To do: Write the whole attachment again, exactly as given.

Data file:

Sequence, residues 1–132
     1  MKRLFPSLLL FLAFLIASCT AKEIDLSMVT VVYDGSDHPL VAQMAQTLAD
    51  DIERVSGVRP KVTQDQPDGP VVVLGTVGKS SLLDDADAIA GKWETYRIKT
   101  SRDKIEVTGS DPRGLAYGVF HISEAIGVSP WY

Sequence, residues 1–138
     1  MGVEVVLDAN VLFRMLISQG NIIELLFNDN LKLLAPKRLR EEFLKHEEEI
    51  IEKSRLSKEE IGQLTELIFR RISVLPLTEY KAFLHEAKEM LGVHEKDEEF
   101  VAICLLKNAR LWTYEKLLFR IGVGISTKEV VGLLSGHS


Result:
Sequence, residues 1–132
     1  MKRLFPSLLL FLAFLIASCT AKEIDLSMVT VVYDGSDHPL VAQMAQTLAD
    51  DIERVSGVRP KVTQDQPDGP VVVLGTVGKS SLLDDADAIA GKWETYRIKT
   101  SRDKIEVTGS DPRGLAYGVF HISEAIGVSP WY

Sequence, residues 1–138
     1  MGVEVVLDAN VLFRMLISQG NIIELLFNDN LKLLAPKRLR EEFLKHEEEI
    51  IEKSRLSKEE IGQLTELIFR RISVLPLTEY KAFLHEAKEM LGVHEKDEEF
   101  VAICLLKNAR LWTYEKLLFR IGVGISTKEV VGLLSGHS